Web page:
Commentary Magazine


Western Concessions Boost Iran Confidence

After two days of the latest round of P5+1 talks with Iran, the international coalition has already begun the process of standing down from a confrontational stance toward Tehran. After a decade of diplomatic failure, no one seriously expected this week’s sessions to create a breakthrough that might defuse the Iranian nuclear threat. But the West’s decision to make two key concessions to the Islamist regime without any reciprocal move on Iran’s part is likely to only reinforce its confidence that it can continue to stall until the Iranians reach their nuclear goal. The group comprised of the United States, Britain, France, Russia, China and Germany and which is led by European Union foreign policy chief Catherine Ashton, dropped their previous insistence that Iran must shut down its nuclear plant at Fordo and also said that it could keep some of its 20 percent enriched uranium that could be converted to use for a weapon.

With those concessions in his pocket, and without having given anything in return at the talks in Almaty, Kazakhstan, it’s no wonder the Iranian negotiator called the meeting positive and said the Western position had become “more realistic.” American and European diplomats emphasized to reporters their three conditions to the Iranians that would hinder any attempt to create a weapon, but also said agreeing to those minimal steps would lead to the end of some of the toughest economic sanctions on the country.

All this is just one more set of signals that tells the Iranians they have no need to take seriously President Obama’s threats about force still being an option in the West’s efforts to prevent Tehran from going nuclear. In its new issue, TIME magazine details the story of the administration’s evolution toward a position that specifically eschews containment of a nuclear Iran as an option and says the administration is preparing for war. But this week’s concessions, combined with the confirmation of a new U.S. secretary of defense who was a longtime advocate of containment (and who could not articulate the administration’s current position on the issue in his confirmation hearing even when given three tries to do so), can only bolster the determination of the Iranians to hang on to their program until they run out the clock on the talks and achieve their goal.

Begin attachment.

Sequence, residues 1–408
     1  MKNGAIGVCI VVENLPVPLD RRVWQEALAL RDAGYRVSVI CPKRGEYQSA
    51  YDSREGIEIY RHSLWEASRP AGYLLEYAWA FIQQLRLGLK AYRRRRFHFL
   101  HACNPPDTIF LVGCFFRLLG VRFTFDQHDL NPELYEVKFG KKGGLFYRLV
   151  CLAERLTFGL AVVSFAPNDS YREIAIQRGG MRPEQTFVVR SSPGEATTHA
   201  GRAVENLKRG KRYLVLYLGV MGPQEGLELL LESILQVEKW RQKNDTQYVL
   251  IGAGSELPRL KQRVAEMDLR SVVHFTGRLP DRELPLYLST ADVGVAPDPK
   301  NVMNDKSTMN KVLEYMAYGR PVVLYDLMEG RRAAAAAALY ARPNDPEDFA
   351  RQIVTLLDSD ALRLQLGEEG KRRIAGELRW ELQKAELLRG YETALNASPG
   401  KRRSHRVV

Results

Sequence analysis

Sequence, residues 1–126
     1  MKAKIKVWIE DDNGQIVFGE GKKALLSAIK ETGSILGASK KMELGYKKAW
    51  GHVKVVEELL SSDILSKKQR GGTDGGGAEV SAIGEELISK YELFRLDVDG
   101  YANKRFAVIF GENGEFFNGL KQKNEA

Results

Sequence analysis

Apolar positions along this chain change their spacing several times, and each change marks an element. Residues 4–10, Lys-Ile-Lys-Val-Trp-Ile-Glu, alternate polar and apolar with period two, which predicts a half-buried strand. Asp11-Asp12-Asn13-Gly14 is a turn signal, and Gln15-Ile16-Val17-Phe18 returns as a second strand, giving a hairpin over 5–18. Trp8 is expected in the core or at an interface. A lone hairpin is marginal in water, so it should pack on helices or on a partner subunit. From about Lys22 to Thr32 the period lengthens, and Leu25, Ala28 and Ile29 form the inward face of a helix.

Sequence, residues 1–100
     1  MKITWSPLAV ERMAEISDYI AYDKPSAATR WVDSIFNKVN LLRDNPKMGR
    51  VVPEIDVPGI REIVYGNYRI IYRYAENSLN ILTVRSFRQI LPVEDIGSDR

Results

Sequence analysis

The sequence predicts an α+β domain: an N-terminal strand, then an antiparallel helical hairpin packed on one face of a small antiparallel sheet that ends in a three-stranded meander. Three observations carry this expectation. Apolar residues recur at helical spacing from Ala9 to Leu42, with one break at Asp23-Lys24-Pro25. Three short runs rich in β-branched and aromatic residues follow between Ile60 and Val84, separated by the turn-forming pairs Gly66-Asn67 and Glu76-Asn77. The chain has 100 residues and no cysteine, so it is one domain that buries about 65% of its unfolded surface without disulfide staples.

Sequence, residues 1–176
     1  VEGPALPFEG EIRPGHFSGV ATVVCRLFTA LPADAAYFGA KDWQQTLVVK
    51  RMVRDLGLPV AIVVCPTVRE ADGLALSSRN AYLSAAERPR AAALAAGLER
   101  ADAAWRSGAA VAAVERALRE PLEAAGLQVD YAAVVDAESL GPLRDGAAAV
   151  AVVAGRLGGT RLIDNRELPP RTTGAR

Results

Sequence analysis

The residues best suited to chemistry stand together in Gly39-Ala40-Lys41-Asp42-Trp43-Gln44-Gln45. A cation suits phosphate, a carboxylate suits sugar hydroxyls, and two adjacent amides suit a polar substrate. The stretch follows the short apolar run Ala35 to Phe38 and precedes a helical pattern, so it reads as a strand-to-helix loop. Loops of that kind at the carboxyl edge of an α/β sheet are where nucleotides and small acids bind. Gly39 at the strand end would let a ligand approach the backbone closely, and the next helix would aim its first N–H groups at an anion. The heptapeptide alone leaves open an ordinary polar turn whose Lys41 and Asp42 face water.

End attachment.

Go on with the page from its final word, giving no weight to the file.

As TIME notes, only Obama knows for sure whether he really will make good on his pledges to use every possible option, including war, to stop Iran. But the appointment of Chuck Hagel to the Pentagon was not something that was geared to make the Iranians believe the president means what he says. They are hoping to drag out the talks over time, and the promise of even more open-ended negotiations after this week could hardly have persuaded them to alter that strategy.

Indeed, the new talks repeated the patterns of past negotiations in which Western concessions were made to get a deal that would not conclusively end the nuclear threat. The current P5+1 position would leave the Iranians plenty of room to maneuver and to cheat on their promises—as the North Koreans did before they got their bomb.

The Iranians have convinced the West and even the Israelis that they have more time than they thought they had last year before it is too late to spike the nuclear program. But even if we assume that the West has until the fall or even next spring to talk the Iranians down from the nuclear ledge, nothing they have done—including tough economic sanctions—seems to have really gotten Iran to believe they have no choice but to surrender their nukes.

If President Obama wants Iran to take him seriously he needs to change his diplomatic posture, not double down on a policy of engagement that only serves to make the ayatollahs think he is a paper tiger. If he is to disabuse them of that belief, the president needs to do something in the coming months that makes clear that the U.S. is ready to strike. But with Hagel, whom Obama appears to trust, having replaced his predecessor Robert Gates as the leading proponent of containment in the administration, the odds of doing so are not good.

Even if one believes the TIME story about the president’s intentions, he needs to understand the threat of American force is only credible if the other side believes in it. After ensnaring the West in a new round of dead-end negotiations, it’s hard to blame the Iranians if they think they have nothing to worry about.  

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